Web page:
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    I use my kitchen table. Open it up, like for when you add the extension piece, and I have an old bus window that I lay over the gap and put a lamp underneath and go at it. I was fortunate at the bus garage that they wanted to get rid of 18 windows. All I wanted was 1 but got stuck with them all.

  8. #33
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    You can also tape it to a window or a patio door.

  9. #34
    Super Member catmcclure's Avatar
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    Quote Originally Posted by Central Ohio Quilter
    I have some "redwork" designs that I printed off a web site that I would like to embroider for inserting into a quilt.

    What would be the easiest way to transfer these redwork designs onto a piece of fabric to embroider?

    Looking for ideas! Thanks!
    Use the light table - but, use watercolor pencil. It's designed to be water soluble. As long as you don't get it wet it will stay on the fabric.

  10. #35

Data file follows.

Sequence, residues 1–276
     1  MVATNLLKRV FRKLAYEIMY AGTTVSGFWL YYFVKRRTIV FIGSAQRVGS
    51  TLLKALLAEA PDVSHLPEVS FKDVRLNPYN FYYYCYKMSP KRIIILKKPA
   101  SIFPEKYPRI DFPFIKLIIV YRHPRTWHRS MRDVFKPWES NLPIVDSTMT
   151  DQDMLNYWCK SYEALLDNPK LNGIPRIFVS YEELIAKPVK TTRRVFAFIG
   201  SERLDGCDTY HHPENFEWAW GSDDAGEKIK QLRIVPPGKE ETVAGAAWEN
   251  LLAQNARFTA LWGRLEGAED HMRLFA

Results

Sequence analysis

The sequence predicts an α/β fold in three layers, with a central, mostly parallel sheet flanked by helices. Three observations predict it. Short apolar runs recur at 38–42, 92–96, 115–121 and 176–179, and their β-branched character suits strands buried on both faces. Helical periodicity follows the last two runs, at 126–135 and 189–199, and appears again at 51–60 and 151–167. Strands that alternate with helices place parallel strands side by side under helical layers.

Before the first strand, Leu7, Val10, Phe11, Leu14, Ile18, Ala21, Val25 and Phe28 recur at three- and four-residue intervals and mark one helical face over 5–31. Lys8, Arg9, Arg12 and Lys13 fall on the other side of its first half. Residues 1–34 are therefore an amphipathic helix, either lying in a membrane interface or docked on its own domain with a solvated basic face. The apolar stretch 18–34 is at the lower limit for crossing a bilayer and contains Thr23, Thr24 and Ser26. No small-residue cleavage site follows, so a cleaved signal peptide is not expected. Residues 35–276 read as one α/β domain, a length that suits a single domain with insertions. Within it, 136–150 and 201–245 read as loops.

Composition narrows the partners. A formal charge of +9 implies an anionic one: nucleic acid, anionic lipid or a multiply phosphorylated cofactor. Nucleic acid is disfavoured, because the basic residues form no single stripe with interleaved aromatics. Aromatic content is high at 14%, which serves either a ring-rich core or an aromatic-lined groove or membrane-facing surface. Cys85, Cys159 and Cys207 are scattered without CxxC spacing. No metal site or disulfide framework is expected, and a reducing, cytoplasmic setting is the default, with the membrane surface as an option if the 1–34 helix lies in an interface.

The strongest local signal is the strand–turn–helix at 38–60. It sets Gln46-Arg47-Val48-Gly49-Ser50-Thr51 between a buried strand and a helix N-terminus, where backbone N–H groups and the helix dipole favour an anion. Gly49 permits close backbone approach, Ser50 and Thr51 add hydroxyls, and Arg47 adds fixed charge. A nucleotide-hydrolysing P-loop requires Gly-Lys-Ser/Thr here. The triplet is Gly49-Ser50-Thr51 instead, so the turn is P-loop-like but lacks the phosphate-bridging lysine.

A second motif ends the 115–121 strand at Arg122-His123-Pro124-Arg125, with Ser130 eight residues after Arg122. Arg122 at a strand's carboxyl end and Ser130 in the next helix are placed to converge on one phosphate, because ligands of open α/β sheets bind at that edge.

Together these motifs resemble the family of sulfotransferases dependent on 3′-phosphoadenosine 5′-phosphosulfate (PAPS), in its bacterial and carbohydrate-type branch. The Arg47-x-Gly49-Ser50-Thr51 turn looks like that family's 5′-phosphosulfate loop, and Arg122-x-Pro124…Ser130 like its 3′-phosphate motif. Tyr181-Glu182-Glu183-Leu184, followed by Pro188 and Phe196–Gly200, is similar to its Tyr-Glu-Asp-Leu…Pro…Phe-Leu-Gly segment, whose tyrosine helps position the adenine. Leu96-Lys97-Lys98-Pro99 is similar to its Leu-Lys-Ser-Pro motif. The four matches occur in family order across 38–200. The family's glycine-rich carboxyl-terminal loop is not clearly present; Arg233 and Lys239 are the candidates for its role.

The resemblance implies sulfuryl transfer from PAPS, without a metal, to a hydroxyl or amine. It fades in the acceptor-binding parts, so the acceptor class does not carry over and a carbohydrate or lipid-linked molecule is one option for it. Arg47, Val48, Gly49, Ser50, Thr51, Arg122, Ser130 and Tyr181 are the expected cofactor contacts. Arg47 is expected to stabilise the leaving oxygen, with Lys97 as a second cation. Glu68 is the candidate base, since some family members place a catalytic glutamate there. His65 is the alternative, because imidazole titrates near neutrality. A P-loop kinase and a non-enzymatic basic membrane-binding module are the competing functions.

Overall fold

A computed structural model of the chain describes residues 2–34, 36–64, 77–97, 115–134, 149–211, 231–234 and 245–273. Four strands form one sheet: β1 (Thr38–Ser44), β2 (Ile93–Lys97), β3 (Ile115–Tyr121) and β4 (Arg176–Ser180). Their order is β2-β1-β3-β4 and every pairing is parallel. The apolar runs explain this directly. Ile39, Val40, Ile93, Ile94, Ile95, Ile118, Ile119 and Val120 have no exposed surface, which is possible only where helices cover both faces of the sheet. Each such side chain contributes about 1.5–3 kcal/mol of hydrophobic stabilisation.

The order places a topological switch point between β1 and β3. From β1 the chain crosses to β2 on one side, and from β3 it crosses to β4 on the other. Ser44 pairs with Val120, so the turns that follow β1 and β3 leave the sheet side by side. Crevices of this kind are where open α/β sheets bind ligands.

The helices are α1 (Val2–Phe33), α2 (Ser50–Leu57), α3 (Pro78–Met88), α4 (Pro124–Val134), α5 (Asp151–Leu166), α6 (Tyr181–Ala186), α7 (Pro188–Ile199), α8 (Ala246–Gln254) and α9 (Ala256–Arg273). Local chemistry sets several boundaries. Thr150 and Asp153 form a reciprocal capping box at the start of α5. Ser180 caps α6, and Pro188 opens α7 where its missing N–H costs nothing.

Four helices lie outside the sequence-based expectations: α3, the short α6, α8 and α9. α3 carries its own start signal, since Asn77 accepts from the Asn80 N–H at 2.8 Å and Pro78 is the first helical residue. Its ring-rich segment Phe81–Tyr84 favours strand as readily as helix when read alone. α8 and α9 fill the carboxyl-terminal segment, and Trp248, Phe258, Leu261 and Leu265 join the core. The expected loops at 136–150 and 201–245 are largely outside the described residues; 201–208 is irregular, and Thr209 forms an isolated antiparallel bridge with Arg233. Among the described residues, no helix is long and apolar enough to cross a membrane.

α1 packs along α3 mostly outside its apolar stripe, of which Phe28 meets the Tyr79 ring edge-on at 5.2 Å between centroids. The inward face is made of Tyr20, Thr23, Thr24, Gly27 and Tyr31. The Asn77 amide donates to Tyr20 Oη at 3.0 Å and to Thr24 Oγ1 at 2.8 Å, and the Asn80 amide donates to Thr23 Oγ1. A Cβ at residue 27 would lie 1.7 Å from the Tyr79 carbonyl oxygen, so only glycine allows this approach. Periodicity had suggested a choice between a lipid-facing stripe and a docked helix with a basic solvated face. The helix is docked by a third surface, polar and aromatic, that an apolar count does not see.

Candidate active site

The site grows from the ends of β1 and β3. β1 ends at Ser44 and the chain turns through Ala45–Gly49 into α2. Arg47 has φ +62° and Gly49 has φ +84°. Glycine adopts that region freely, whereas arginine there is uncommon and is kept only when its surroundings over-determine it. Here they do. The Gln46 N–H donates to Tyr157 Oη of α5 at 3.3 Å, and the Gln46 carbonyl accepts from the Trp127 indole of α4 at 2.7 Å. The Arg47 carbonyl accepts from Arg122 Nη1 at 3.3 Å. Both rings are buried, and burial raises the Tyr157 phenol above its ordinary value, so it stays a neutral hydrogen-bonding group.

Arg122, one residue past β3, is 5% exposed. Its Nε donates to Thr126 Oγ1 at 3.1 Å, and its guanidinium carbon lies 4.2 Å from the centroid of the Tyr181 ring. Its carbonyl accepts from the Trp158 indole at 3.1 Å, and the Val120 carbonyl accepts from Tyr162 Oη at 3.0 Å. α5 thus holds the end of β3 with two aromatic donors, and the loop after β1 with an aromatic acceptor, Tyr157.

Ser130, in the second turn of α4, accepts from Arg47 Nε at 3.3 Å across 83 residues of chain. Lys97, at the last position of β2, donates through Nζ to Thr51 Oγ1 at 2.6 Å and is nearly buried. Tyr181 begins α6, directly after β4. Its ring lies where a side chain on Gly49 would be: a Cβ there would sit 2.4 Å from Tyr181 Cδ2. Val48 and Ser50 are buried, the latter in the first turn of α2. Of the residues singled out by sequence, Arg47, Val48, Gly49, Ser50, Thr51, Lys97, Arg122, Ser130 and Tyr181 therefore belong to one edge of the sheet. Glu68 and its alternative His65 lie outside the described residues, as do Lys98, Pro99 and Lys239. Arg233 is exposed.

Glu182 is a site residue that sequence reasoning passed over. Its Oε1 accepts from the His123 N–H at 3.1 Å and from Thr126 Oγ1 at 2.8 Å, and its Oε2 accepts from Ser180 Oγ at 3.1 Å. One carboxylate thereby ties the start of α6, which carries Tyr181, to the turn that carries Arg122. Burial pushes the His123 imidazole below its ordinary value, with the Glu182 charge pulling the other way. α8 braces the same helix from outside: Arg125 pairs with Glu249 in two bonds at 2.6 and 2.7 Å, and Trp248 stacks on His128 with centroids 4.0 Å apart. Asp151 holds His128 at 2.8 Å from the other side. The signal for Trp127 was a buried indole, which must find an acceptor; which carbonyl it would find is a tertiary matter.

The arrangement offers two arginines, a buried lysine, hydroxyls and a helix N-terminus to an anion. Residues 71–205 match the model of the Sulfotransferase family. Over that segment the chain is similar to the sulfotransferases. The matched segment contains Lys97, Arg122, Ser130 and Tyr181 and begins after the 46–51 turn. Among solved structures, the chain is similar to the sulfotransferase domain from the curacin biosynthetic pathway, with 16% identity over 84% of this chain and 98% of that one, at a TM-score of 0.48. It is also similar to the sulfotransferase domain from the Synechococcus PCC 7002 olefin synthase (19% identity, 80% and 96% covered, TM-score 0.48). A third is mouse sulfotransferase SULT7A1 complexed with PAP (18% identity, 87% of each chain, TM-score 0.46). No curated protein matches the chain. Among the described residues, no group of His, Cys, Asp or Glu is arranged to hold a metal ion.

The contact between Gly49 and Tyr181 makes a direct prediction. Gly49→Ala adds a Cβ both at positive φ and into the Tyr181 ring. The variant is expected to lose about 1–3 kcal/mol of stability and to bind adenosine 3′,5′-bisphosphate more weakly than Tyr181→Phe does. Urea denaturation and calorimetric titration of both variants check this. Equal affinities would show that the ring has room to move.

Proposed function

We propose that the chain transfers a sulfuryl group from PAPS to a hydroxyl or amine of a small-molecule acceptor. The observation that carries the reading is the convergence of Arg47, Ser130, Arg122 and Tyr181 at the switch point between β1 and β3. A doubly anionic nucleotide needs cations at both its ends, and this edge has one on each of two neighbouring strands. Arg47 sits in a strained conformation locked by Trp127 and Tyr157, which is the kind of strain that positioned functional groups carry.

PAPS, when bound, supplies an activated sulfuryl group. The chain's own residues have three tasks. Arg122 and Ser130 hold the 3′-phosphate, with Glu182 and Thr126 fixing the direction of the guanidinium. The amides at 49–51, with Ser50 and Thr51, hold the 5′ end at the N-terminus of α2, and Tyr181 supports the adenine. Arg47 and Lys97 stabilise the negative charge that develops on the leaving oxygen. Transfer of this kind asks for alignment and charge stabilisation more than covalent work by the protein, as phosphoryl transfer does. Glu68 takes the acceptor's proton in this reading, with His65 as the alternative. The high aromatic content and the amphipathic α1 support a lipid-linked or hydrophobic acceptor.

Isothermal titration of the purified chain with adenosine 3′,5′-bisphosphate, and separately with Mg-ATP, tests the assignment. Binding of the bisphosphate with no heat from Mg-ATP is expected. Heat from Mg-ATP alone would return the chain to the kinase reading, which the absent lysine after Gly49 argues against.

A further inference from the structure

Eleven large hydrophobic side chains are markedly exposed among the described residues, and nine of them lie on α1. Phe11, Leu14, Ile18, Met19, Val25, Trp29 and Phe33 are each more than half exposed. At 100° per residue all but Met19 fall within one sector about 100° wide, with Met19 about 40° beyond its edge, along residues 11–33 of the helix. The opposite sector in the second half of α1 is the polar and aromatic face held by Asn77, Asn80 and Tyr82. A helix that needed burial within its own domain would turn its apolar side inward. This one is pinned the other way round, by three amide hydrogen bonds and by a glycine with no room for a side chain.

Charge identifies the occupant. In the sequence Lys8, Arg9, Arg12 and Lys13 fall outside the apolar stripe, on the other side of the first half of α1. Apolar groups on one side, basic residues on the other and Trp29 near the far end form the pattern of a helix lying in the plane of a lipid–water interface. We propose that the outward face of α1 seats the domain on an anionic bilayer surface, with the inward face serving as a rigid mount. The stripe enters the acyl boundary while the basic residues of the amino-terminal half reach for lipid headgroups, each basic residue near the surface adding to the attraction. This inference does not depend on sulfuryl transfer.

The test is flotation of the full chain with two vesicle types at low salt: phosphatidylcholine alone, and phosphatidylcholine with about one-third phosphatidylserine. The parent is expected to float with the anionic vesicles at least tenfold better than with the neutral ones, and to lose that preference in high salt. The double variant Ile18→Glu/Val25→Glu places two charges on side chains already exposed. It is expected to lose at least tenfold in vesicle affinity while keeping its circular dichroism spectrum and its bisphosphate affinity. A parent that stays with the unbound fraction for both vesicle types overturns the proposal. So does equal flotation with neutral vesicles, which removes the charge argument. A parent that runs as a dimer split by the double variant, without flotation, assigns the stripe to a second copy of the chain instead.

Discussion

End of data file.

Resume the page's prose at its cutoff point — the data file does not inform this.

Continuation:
Power Poster Mariposa's Avatar
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    I use a mechanical pencil to get a very fine line. Have had no problems. I too am curious about the 2 layers of fabric--Is it because you don't want knots, etc. to show through? :)

  11. #36
    Super Member AnnaK's Avatar
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    If you have a glass coffee table (or any kind of table), just put a lamp underneath and save yourself from having to get a light box.

  12. #37
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    Spray bast your paper with the pattern and stick it to the fabric before placing it on your light source. I have real problems with patterns shifting around if I don't.